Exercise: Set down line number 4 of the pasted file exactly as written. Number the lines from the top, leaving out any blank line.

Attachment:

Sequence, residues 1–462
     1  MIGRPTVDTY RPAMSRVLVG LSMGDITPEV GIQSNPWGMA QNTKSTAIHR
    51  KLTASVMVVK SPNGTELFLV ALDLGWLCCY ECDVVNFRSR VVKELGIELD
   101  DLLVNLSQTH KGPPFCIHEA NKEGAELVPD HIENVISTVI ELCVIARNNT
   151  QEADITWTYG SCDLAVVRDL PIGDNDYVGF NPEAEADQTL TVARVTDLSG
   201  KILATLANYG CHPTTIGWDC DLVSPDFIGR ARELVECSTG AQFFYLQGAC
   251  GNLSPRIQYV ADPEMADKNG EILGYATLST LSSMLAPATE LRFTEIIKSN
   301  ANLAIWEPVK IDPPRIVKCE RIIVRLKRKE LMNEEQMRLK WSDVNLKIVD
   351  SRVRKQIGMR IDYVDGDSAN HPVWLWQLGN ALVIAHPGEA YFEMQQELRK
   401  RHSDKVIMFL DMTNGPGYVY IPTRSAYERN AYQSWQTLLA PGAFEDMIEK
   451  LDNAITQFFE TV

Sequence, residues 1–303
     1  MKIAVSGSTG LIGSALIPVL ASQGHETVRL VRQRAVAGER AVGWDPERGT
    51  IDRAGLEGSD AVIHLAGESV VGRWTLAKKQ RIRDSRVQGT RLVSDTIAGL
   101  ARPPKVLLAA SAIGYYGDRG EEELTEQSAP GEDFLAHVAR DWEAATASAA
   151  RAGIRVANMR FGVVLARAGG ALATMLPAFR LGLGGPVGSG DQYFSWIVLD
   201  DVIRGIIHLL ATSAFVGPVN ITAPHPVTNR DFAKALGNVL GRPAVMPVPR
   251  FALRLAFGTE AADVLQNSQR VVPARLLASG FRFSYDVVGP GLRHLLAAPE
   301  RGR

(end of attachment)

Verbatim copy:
   101  DLLVNLSQTH KGPPFCIHEA NKEGAELVPD HIENVISTVI ELCVIARNNT